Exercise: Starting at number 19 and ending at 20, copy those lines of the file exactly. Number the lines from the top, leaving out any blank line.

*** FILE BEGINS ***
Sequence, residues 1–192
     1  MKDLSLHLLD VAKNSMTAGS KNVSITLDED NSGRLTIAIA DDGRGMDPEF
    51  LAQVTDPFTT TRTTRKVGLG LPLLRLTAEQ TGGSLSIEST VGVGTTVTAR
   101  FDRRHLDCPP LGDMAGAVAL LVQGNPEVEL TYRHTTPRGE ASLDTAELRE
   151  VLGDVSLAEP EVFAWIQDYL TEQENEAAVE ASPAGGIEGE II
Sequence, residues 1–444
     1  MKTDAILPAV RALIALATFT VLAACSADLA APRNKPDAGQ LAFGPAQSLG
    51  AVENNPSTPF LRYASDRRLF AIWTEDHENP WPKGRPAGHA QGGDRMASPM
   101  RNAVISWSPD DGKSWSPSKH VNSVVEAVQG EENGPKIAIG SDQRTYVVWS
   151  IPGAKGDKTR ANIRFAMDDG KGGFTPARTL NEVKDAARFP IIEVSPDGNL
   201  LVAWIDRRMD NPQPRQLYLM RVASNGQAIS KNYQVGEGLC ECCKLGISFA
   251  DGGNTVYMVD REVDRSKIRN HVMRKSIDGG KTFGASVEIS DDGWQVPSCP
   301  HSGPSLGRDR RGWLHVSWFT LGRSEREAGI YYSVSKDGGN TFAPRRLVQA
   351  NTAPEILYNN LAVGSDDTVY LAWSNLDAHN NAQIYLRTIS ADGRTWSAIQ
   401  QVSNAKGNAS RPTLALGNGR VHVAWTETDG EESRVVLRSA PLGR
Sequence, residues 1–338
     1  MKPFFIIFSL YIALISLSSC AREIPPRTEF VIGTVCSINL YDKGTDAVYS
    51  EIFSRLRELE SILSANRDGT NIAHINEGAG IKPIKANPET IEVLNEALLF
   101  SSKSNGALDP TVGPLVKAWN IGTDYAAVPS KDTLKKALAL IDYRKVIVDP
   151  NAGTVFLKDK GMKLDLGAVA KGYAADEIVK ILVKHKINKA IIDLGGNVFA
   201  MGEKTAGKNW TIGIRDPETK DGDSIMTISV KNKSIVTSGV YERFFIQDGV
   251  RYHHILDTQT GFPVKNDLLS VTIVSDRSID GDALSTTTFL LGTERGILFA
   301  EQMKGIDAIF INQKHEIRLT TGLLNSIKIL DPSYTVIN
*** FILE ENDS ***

   101  SSKSNGALDP TVGPLVKAWN IGTDYAAVPS KDTLKKALAL IDYRKVIVDP
   151  NAGTVFLKDK GMKLDLGAVA KGYAADEIVK ILVKHKINKA IIDLGGNVFA